Ask any business owner if they ever have enough money or enough people to get the job done and their answer is probably a guffaw and a resounding “NO!”
When you ask them who they need (in a perfect world) you’ll hear they need sales people, operations people and line workers. Rarely do they say they need this one critical position.
When businesses look for cost savings, one of the first places they look is to reduce one of the largest expenses on their P&L–their employees. We agree that employees are a great place to start saving money– except our approach comes with a twist.
March is the time when most businesses start collecting and turning over their documents to their accountants to prepare their taxes. For some businesses, it is pulling out a shoebox of receipts, for others it may be a scramble to bring their books up to date. In either case there is a certain level of financial “madness” that happens in March. There is a simple way to avoid the rush and improve your business at the same time.
If you’re like most companies, at some point you’ve had a large customer that’s made up a majority of your income. We refer to them as giant clients. It’s hard to look past the steady stream of orders, and the big fat checks. In the back of your head you know you’ve got all your eggs in one basket but it’s hard to think about that when you are so consumed in the day-to-day of delivery and service. It’s a good idea to start diversifying your portfolio of customers—adding more and possibly in different industries. You’ll need to get creative and here’s how…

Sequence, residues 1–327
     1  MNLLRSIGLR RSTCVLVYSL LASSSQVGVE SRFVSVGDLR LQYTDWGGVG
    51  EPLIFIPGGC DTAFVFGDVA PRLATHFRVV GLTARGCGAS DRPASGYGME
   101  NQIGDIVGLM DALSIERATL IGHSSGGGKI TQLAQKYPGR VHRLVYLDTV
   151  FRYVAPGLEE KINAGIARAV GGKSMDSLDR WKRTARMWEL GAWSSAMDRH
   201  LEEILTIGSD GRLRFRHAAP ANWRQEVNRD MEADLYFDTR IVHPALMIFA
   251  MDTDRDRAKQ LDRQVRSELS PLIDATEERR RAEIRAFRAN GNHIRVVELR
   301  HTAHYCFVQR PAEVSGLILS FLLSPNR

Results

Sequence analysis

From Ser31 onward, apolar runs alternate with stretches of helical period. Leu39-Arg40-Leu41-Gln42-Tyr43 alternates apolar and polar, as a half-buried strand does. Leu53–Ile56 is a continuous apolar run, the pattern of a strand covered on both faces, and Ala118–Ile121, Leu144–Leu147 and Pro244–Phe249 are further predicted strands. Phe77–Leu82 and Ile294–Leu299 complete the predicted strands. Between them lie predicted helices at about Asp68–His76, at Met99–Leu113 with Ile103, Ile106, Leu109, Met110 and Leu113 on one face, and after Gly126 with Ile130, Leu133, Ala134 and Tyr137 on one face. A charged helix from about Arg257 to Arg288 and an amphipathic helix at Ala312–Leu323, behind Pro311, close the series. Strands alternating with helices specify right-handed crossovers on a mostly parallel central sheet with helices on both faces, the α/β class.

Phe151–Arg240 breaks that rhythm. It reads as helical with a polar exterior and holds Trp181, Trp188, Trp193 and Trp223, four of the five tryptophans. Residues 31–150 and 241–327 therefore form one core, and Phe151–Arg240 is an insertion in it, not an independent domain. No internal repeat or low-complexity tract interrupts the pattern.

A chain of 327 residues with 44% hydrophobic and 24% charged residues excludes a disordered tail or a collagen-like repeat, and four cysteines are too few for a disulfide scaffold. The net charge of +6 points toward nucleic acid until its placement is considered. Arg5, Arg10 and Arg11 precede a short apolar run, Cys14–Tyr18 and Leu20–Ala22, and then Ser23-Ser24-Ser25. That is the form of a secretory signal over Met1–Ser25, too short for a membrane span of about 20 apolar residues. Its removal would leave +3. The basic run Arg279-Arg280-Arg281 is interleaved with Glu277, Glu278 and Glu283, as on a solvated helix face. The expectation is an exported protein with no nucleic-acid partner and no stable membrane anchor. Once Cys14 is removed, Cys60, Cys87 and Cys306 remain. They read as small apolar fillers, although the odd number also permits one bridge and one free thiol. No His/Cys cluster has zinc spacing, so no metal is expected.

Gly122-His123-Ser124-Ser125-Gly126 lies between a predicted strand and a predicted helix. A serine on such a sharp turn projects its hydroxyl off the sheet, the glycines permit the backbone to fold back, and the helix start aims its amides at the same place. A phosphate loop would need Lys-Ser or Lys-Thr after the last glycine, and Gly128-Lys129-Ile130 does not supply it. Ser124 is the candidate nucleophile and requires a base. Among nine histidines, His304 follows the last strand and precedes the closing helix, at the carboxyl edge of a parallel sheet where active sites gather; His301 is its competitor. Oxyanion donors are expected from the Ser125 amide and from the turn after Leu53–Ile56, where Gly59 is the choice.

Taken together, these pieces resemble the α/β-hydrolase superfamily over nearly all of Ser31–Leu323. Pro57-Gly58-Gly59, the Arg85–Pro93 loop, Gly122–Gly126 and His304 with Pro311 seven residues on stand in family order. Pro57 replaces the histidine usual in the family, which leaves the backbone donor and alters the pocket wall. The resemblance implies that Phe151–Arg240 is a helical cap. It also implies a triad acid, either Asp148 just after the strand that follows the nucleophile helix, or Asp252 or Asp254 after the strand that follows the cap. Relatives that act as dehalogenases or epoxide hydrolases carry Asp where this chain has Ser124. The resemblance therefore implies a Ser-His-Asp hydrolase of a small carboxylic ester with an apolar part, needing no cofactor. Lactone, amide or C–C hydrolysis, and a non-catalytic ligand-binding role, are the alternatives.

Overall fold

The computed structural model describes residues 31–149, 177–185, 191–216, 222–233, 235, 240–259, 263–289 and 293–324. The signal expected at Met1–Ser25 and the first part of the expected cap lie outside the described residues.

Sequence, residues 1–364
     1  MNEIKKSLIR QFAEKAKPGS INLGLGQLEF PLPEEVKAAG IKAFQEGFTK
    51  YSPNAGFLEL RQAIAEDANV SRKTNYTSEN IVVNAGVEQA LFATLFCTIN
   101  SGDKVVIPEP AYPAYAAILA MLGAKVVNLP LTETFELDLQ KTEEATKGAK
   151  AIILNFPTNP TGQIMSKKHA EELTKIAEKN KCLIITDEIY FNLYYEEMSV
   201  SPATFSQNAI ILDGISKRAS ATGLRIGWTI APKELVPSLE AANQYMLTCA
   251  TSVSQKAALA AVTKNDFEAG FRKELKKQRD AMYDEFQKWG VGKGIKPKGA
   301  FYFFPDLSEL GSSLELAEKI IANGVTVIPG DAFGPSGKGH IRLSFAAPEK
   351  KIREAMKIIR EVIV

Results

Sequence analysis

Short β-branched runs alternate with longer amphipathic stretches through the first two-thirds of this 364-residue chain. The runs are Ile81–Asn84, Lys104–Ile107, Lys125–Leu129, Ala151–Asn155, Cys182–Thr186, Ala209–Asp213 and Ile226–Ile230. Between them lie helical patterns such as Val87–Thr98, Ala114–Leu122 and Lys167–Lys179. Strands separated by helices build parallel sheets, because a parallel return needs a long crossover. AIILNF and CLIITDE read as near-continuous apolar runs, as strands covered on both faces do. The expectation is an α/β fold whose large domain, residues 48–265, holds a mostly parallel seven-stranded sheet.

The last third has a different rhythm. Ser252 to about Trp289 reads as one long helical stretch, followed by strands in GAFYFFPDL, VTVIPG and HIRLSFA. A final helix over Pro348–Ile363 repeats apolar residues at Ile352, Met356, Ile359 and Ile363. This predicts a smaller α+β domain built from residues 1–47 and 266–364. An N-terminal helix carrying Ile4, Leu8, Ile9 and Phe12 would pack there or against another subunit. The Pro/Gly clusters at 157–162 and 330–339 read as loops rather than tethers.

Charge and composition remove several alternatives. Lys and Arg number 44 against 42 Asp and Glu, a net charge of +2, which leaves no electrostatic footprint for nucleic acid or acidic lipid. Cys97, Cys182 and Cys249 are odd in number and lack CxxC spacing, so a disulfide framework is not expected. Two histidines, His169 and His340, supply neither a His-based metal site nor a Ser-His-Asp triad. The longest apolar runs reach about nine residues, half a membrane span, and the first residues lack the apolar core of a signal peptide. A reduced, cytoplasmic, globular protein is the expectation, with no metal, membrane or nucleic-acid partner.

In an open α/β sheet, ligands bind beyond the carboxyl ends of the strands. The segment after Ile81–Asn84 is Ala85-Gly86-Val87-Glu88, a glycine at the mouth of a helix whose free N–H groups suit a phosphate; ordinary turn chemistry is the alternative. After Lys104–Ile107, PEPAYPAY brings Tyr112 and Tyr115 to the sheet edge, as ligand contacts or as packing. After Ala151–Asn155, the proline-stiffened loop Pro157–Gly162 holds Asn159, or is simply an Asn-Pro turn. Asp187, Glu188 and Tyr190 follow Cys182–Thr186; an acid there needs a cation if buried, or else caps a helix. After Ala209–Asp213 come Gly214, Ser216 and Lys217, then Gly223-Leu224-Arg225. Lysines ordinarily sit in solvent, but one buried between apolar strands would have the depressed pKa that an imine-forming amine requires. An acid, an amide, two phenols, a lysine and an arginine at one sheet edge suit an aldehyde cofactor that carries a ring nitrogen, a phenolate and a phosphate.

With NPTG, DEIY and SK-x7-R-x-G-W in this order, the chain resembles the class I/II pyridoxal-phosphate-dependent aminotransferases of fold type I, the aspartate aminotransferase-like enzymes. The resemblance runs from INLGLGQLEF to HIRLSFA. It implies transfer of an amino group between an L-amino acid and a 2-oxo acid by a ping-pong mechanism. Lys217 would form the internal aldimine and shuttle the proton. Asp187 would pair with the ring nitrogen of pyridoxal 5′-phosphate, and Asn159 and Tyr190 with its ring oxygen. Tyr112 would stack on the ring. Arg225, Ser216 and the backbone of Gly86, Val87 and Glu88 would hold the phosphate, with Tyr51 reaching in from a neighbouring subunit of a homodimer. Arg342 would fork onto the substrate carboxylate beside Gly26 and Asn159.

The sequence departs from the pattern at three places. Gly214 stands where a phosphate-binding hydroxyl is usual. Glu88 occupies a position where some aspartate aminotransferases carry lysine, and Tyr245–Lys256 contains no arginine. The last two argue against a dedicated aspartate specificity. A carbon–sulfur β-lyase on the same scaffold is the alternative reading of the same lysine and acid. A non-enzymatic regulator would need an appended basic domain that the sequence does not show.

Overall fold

OK, I’ll be frank. Sometimes business owners can be the greatest downfall of their own companies. You’ve probably heard the hundred ways this is possible from management and HR issues to lack of “business” skills. I’m in the business of finance, so I’ll talk about only one—handling money. There are two scenarios where a business
Many companies that offer unique or custom products figure out what to charge by adding up their costs and tacking a markup on top of that. That’s called cost-plus pricing. However without being careful, you may find that cost-plus pricing can actually benefit your customers more than you.
Have you ever wondered why you may be selling more and more but aren’t making any more money? You may have a problem with your mix. Just as too much of one ingredient can ruin a recipe, mix can make the difference between profitability and losses, a cash crunch and money in your pocket. It